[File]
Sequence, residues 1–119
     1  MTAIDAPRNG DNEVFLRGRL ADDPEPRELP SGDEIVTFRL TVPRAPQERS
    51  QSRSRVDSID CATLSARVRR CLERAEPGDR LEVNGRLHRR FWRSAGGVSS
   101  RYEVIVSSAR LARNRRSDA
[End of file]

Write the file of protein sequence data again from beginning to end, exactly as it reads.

Sequence, residues 1–119
     1  MTAIDAPRNG DNEVFLRGRL ADDPEPRELP SGDEIVTFRL TVPRAPQERS
    51  QSRSRVDSID CATLSARVRR CLERAEPGDR LEVNGRLHRR FWRSAGGVSS
   101  RYEVIVSSAR LARNRRSDA